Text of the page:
This essay is about the past faults made by George Washington which in his time were not explored by media outlets but today would be made a big deal of.

535 words - 2 pages In the 1700's, the main source of news was either newspapers or talk amongst neighbors. Today, we have the internet, television, newspapers, and radio. The past life of the public officials is nipped and picked at, and examined with a fine toothed comb. When George Washington was elected president, he was never questioned on anything in his past on the public stage.Modern media today looks for any imperfection in a public figure, and attacks it

Different media systems in China and the United States

1115 words - 5 pages considered as a free-market system. Large corporations control most the print media and the entire American broadcast media and, and wealthy individuals own these corporations. In 2012, The Walt Disney Company is the largest media conglomerate in the US, with Rupert Murdoch's News Corp., Time Warner, Viacom CBS Corporation and NBC Universal ranking second, third and so forth respectively (Lutz, 2012). Together, the "big six" dominate 90% news

Freedom of Press in Cuba.

614 words - 3 pages Cuba, and Cubans can travel other countries. The problem is that Cuba is still socialism country, so people do not have enough money to travel to other countries, in other words people are poor. Cubans government should make big changes to get better living standards. Cubans ranking of 171 out of 181 on the 2013 World Press Freedom Index is a result of six factors. Firstly, a lack of media independence and a political pluralism. Secondary

media ownership

1466 words - 6 pages CitedRichard Campbell, Media Essential 2nd ed.Boston: Bedford/St. Martin's, 2013: p465.Ben H. Bagdikian, The Media Monopoly 6th ed.Boston: Beacon Press, 2000: (11/2/2013)Ownership Chart: "The Big Six"Credo Reference (11/2/2013)Daniel Callcut, "Culture Wars"M.E. Sharpe: (11/5/2013)Reed Irvine, "ABC News Bows To Disney"Accuracy in Media: December 9, 1998Credo Reference (11/4/2013)Berkshire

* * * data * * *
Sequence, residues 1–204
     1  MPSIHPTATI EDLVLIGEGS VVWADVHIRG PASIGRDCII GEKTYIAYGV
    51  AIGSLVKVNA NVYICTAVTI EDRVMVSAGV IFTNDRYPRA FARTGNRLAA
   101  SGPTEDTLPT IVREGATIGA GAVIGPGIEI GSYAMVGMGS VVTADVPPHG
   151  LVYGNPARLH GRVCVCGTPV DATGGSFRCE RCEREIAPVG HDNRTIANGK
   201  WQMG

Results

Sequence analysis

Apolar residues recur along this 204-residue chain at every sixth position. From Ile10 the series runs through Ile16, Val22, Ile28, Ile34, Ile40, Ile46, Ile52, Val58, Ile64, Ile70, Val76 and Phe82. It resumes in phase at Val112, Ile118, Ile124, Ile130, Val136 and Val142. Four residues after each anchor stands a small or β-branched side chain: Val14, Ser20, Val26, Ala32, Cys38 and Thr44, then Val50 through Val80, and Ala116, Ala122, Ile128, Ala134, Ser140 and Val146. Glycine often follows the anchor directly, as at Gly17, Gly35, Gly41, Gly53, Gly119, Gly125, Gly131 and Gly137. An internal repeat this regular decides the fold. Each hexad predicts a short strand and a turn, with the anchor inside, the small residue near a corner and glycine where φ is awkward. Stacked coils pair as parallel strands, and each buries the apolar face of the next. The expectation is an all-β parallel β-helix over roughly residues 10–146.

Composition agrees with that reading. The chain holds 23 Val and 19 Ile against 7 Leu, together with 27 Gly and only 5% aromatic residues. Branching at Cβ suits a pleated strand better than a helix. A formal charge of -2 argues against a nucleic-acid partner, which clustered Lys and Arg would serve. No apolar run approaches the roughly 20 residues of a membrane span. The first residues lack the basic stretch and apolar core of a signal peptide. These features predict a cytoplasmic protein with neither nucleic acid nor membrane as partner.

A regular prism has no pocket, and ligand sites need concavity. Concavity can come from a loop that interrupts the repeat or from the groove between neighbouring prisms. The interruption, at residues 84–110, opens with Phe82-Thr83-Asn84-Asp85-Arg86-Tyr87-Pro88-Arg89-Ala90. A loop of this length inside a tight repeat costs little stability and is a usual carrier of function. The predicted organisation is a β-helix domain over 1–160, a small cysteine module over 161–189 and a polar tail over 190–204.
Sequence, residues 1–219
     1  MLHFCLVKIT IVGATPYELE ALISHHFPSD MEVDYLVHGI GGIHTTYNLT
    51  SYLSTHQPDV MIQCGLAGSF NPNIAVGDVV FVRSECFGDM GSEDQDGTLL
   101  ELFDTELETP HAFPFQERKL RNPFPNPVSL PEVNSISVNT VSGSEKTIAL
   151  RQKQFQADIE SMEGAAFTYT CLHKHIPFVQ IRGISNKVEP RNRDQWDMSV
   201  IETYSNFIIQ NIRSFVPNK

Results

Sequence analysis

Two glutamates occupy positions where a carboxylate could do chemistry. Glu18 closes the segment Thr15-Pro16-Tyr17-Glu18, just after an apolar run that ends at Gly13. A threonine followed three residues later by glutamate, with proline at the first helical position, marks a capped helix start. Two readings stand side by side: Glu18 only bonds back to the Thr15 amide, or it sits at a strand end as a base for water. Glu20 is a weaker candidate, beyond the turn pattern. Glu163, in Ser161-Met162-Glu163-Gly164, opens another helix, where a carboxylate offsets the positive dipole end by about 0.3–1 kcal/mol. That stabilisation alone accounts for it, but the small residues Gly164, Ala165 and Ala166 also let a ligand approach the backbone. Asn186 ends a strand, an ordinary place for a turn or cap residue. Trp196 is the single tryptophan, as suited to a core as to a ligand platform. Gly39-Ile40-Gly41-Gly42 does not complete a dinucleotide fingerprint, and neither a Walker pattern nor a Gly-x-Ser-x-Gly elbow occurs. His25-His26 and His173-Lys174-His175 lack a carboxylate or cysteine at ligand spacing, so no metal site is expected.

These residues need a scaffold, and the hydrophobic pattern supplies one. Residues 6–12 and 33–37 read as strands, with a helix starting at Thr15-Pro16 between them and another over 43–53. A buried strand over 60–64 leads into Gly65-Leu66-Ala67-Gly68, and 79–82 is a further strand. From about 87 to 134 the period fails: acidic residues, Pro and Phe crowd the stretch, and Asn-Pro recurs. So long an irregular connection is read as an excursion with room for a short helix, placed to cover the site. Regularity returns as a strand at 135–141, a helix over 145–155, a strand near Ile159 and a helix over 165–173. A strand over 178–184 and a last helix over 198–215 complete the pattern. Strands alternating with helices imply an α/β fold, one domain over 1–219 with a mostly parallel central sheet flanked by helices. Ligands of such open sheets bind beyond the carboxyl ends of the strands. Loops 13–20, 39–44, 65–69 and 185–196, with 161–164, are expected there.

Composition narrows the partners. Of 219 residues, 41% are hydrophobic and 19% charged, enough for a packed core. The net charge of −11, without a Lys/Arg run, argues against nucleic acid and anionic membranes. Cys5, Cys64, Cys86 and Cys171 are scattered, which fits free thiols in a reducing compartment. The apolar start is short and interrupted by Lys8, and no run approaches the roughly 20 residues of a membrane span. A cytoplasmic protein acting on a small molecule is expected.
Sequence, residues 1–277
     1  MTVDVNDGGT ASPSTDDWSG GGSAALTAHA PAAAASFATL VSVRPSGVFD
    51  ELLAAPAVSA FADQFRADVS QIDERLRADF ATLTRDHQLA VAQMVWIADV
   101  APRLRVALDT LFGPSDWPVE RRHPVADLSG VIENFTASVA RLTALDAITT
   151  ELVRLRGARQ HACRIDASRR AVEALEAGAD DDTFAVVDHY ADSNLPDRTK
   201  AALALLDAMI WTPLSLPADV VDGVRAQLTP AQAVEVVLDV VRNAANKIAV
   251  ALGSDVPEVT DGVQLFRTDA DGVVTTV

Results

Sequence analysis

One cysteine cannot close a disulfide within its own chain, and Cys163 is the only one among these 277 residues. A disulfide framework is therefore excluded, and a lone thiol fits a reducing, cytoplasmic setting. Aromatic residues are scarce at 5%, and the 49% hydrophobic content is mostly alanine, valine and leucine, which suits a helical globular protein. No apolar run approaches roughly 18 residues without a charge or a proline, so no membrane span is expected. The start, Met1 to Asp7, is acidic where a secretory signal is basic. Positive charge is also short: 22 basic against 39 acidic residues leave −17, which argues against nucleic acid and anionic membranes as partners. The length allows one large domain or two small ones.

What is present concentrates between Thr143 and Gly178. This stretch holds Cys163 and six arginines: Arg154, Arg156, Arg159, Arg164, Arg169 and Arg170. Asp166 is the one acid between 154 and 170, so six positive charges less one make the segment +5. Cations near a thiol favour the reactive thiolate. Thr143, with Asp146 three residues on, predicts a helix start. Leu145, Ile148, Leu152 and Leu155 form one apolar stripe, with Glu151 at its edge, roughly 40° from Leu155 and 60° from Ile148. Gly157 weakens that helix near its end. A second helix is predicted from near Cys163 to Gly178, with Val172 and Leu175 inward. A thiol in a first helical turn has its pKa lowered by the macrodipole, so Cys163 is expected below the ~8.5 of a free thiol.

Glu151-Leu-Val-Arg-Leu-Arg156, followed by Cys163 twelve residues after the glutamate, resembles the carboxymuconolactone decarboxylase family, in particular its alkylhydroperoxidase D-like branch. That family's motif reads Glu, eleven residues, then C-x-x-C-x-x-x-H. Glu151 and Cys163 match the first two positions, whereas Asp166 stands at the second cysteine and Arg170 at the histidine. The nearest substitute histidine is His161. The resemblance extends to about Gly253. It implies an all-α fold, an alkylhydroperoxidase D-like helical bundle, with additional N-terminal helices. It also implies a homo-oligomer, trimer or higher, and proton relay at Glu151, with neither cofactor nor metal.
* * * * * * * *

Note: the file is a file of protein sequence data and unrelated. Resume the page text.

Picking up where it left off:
The Effect of Media Bias in America

1191 words - 5 pages Broadcast news can be dangerous, not because of what it reports, but because of what it doesn’t. This applies to all forms of media. As time has gone by the media has changed from what I remember as a child watching the news. It was the election of Ronald Reagon, I remember that it was a big deal. In this time we trusted the media to tell us what was going on in the country. Not to mislead us and not to lie to us. To give us the facts and not

How is the Internet and/or mobile communications involved in the transformation of media and communications industries?

2850 words - 11 pages (Goggin 2006, 267). This has given rise to media companies adopting a 'multi-platforming' approach in order to reach out to various publics. Multi-platforming program production describes how media companies promote their products across different media platforms (The Media Report 2002; McDonald 2007). Peter Abbott, executive producer behind Channel 10's reality television program 'Big Brother' believes multi-platforming approaches are the

Citizen Journalism

1644 words - 7 pages media platforms on a typical day and only seven percent get their news from a single media platform. Six in ten Americans get news from a combination of online and offline sources in a day. In this new multi-platform media environment, people’s relationship to news is becoming portable, personalized, and participatory. The internet is a big reason to why people’s relationship with news is changing. Citizen journalism is everywhere with the efforts